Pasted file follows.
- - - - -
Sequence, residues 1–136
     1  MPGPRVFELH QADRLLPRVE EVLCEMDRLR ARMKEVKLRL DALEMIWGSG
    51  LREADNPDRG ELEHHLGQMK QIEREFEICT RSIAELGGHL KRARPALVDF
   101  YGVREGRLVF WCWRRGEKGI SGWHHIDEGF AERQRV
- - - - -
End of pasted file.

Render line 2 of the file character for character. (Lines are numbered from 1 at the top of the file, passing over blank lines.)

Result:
     1  MPGPRVFELH QADRLLPRVE EVLCEMDRLR ARMKEVKLRL DALEMIWGSG